Experience in other countries suggests that the proportion of mixed-sex couples who go for civil partnership rather than marriage is smaller than is the case for same-sex couples. We therefore reduced the figure of 2,000 a bit, which is how we got to the figure of 500 to 1,500. As I said in the written evidence, at this point, it is a finger-in-the-air exercise.
Down south, since 31 December 2019, several hundred couples have already registered a mixed-sex civil partnership or submitted notice to register one. That gives me confidence that the figure might be closer to the 500 that we have suggested than to the 100 to 150 that the Scottish Government has suggested.
When the measure is first introduced, there may be an increase in the number of couples who want to enter into that kind of partnership, and that might then drop off and normalise.
That is likely. As Fraser Sutherland suggested, as civil partnership becomes better understood, it might become more popular. There might be a spike at the beginning and then a slow increase in the following years.
Do other panel members have a view?
We have made no effort to estimate the numbers, partly because there are figures out there and partly because doing so would necessarily be looking at contexts that are different from ours. Any kind of research would be based purely on hypotheticals, which would not give a firm indication of future action.
Although we do not know exactly what demand could look like, we know that there would be some demand. Even if there are low numbers, the main thing for us is the achievement of equality or parity.
Yes. It is that people have the opportunity to do it.
We know that there is some demand, so the level is perhaps less relevant.
The numbers that we have come from the Equality Network, so I am glad that Tim Hopkins is here to explain how it arrived at them. I agree that, even if demand is small, it is still important to meet it, if feasible. Extending equality for a minority does not mean a rollback of equality for the majority.
As members have no more questions, I thank the witnesses for their evidence, which was interesting and helpful.
The committee’s next meeting will be on 5 March, when we will have our final evidence session on the Civil Partnership (Scotland) Bill, with the Cabinet Secretary for Social Security and Older People. An agenda will be on the committee’s website on 28 February.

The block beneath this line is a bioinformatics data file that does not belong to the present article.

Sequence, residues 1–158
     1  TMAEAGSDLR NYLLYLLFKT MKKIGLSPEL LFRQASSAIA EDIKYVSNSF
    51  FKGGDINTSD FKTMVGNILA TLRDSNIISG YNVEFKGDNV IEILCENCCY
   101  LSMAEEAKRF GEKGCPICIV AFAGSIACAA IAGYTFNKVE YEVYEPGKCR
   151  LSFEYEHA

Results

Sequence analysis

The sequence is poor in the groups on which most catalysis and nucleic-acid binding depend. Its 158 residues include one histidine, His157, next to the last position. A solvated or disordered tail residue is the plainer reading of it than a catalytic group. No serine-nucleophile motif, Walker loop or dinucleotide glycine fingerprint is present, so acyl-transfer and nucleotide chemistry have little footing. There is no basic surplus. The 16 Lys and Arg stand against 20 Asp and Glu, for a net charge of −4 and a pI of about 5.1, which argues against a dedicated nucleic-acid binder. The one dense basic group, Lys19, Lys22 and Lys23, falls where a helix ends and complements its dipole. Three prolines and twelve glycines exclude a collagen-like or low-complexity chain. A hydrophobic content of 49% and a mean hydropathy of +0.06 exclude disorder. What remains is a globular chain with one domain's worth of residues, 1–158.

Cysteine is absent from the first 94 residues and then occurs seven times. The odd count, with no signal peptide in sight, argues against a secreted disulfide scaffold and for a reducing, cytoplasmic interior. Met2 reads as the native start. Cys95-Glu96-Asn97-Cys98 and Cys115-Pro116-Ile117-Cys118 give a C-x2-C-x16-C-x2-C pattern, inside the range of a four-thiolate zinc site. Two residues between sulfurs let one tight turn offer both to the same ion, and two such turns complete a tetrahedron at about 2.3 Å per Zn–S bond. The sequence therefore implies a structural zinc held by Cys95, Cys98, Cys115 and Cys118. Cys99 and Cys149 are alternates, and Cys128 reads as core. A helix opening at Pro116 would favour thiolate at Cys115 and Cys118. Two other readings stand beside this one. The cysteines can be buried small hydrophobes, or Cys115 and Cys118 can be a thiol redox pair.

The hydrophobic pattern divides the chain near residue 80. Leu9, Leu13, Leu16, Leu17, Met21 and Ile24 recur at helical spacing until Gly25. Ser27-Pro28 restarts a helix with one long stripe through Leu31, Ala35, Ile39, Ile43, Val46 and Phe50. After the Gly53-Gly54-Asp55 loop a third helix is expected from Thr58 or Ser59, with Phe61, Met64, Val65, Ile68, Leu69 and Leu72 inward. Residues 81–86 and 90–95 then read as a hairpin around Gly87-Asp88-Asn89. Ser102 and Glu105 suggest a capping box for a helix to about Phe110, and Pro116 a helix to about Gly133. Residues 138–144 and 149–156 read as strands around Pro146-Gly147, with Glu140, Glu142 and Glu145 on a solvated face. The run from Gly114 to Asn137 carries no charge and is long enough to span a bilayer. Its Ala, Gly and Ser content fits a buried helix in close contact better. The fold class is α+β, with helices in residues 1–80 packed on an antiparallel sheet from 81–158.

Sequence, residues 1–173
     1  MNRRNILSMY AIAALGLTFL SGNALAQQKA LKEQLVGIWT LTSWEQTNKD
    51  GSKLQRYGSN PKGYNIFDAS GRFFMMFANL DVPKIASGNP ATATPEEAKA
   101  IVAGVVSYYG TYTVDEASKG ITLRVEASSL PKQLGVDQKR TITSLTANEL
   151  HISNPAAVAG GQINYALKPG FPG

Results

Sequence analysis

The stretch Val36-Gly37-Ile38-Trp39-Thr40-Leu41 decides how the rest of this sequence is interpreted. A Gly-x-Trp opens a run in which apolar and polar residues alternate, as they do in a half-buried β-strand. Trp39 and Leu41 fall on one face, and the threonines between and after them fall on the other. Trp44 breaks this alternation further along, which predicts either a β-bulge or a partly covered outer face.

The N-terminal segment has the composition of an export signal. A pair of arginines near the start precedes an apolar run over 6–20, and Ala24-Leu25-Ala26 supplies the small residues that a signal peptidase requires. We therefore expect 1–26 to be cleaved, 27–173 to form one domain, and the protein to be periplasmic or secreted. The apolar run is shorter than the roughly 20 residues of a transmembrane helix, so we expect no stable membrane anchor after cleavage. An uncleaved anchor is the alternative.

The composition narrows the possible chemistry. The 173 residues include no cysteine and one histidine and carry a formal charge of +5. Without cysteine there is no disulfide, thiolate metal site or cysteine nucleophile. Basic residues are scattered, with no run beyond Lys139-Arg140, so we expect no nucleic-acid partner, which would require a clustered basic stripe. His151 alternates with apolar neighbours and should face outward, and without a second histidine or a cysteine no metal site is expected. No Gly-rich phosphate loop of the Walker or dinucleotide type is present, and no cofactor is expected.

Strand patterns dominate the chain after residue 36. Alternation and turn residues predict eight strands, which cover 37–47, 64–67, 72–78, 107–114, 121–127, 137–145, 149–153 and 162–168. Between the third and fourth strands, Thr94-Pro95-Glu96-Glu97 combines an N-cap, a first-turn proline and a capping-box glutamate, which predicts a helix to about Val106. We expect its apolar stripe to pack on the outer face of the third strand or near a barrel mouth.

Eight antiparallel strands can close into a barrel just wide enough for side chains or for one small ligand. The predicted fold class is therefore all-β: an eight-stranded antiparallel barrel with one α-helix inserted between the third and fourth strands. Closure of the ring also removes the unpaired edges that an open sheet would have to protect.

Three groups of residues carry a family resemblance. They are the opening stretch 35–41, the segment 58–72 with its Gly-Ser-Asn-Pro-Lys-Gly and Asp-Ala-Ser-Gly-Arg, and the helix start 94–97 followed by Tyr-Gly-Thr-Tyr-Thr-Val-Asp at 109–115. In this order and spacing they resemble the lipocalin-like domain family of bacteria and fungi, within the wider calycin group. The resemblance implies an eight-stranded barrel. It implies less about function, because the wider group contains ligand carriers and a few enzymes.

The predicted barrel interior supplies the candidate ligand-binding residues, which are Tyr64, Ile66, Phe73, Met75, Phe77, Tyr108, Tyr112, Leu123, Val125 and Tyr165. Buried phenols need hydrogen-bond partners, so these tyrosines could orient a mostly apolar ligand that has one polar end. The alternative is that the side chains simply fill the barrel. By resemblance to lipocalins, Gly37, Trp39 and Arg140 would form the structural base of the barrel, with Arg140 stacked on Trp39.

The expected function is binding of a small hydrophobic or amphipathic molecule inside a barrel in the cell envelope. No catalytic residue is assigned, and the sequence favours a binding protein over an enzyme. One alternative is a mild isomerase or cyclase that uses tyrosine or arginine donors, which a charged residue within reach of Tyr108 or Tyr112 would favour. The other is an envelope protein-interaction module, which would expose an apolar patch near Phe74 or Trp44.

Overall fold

I now move the meeting into private session.10:52 Meeting continued in private until 11:01.
27 February 2020
Third meeting transcript
The Convener (Ruth Maguire)
Good morning, and welcome to the Equalities and Human Rights Committee’s fifth meeting in 2020. All mobile devices should be switched off or on silent, please.
Agenda item 1 is an oral evidence session on the Civil Partnership (Scotland) Bill at stage 1. I welcome the Cabinet Secretary for Social Security and Older People, Shirley-Anne Somerville, and, from the Scottish Government, Simon Stockwell, who is head of the family law unit; Sarah Meanley, who is also from the family law unit; and John Thomson, who is a solicitor. You are all very welcome—thank you for being with us. We are limited to one hour this morning, and we have a lot of questions to get through. The committee will therefore be disciplined and concise in their questioning; answers along the same lines would be much appreciated so that we can get through everything. With that in mind, we go straight to a question from Alison Harris.
Alison Harris (Central Scotland) (Con)
Good morning. Can you explain the legal differences between marriage and civil partnership?
The Cabinet Secretary for Social Security and Older People (Shirley-Anne Somerville)
Certainly. We have tried to ensure that the bill reflects what already happens with same-sex civil partnerships. There are some legal differences between marriage and civil partnership, but there are not a huge number. They can be broken down into three sections: what happens in the creation of the relationship; what happens during the relationship; and what should happen if the couple decides to end the relationship.
In the first strand, there are—as the committee has heard—differences in the numbers of religious and belief bodies that are authorised for the purposes of solemnising marriages and for registering civil partnerships, which reflect the views of the bodies themselves. In the second strand, there is a difference in relation to survivor benefits and pensions. In the third strand, there are some areas that feature in the law on ending civil partnerships in which rights do not exist for civil partnerships but do exist for marriages. That is a simple breakdown—I hope that it gives enough information.
It does—thank you. There are no plans for a campaign to explain what it will mean when civil partnerships are extended to different-sex couples. However, the Association of Registrars of Scotland has said that the provision of guidance on the differences between marriage and civil partnerships would be helpful to inform the public. What are your thoughts on providing such guidance?
I was interested to see that aspect of the evidence. Civil partnerships are very much a personal decision for people who are in a relationship—if they want to move forward their relationship in that way, it is their choice. It would obviously assist them if they had an understanding of the differences between the respective rights that they may have. It is a very interesting area that we will consider further, bearing fully in mind that it really is very much up to couples themselves to decide what is right for them.